If you ever wanted to win in the casino, there’s some useful advice here. Roulette is the game which offers you the best chance betting on red or black. If you win the first time, just walk away. If you lose, also walk away. The main character William, played by Oscar Isaac, also reminds you that you have to count the cards already played if you want to win at Blackjack.
Strangely, William Tell (his actual surname is Tillich) isn’t really interested in cards at all. He served a long prison sentence in the US for being a guard in Abu Ghraib, the infamous torture center in Iraq used by the Americans after the fall of Saddam Hussein. He learned the arts of cards to pass the time and, with nothing to do after his release, turned these skills into a career of sorts.
William is a low key gambler because he doesn’t want to be thrown out of casinos for card counting. He’s a loner, always on the move, a man of habit. He stays in cheap motels where he assiduously covers all the furniture with white sheets and takes down any pictures on the wall. This oddity is never explained, but likely reflects his preference for bare rooms. Probably it’s a reminder of prison cells in the USA or torture chambers in Iraq.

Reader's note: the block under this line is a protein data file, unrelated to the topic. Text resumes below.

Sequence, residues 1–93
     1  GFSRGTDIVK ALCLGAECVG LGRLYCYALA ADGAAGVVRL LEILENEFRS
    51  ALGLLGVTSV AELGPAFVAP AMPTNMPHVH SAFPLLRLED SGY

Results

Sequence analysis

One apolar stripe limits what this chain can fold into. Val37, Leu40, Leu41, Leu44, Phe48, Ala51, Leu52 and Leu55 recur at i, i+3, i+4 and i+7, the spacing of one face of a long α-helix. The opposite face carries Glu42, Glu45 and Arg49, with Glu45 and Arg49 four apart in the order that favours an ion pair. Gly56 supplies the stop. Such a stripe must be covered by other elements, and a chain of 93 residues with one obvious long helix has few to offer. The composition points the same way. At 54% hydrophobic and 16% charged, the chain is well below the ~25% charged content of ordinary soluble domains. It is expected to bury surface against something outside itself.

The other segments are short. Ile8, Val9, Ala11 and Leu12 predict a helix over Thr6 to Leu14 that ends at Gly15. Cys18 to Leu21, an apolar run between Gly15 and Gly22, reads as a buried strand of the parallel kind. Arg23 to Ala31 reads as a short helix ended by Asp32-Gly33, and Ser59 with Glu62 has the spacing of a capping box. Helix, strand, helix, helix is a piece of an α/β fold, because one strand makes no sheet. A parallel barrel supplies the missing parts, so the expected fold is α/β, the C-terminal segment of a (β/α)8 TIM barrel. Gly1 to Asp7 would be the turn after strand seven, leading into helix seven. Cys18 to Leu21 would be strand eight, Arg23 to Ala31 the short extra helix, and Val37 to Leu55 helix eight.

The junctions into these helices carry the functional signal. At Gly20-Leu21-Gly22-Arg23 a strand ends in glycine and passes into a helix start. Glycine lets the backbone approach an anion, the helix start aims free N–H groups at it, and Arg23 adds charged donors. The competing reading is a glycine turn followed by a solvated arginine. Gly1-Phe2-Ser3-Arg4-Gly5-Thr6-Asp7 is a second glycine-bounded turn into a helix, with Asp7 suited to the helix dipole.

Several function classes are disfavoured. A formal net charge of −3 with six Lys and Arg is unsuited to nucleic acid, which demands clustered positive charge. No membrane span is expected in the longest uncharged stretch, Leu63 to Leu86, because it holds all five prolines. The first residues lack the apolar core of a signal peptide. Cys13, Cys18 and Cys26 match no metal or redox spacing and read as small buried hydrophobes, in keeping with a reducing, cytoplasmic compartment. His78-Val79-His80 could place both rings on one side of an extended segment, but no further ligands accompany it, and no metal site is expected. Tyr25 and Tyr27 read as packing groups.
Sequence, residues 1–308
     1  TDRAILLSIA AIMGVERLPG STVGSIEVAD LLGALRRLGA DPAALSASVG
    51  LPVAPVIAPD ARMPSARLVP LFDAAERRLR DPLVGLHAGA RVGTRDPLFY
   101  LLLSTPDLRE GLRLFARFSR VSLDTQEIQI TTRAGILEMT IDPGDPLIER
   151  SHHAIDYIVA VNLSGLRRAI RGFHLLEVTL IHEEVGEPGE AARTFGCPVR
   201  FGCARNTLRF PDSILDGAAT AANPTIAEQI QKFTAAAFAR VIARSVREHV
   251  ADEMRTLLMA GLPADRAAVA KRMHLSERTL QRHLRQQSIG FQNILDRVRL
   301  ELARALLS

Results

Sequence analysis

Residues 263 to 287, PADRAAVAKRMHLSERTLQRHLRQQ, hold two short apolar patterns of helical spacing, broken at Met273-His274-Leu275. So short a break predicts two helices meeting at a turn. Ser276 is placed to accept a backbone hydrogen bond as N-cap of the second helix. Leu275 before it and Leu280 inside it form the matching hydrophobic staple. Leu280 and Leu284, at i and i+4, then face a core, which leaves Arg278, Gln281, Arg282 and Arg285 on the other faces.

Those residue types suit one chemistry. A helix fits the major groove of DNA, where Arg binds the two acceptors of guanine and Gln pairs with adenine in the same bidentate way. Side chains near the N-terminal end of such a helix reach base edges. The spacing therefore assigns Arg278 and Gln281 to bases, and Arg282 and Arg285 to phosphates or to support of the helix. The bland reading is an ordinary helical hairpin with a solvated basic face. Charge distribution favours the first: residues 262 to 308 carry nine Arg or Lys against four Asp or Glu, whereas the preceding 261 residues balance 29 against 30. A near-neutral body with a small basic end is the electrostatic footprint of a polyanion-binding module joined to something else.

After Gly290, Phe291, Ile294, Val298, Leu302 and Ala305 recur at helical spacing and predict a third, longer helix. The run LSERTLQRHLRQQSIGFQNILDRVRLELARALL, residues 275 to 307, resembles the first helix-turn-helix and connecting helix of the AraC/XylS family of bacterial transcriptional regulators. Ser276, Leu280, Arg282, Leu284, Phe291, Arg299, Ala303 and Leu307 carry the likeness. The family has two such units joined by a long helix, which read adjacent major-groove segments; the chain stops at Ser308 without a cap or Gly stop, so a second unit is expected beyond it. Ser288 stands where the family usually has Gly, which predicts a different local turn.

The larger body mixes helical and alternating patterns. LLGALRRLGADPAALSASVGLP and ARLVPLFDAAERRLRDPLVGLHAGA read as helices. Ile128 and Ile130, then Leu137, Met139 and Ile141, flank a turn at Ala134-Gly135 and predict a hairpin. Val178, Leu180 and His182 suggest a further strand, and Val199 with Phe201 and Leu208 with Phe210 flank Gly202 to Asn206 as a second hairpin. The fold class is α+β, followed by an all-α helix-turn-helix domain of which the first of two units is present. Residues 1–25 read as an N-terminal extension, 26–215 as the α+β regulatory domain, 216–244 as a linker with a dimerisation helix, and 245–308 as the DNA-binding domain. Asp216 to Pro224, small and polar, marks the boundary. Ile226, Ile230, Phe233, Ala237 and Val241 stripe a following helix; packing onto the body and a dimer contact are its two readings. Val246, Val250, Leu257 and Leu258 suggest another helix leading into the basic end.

Despite his under the radar approach, two people notice him. La Linda (Tiffany Haddish) sees his potential and attempts to recruit him to her stable of gamblers. Then there’s Cirk (Tye Sheridan), a high school dropout who hopes to persuade him to seek revenge on a mutual enemy. Instead, William invites Cirk to join him on the casino circuit. The plot to kill the mutual enemy goes haywire.
But the plot isn’t the point and writer and director Paul Schrader knows it. The film is about one man’s struggle with his own demons and is strongly in the tradition of Martin Scorsese’s psychological movies. Just think of Taxi Driver (the cabbie), Light Sleeper (the coke slinger), First Reformed (the godless minister) or American Gigolo (the male prostitute). The Card Counter is about struggling with your own secrets rather than cashing in on the fact that three sevens can beat a Blackjack.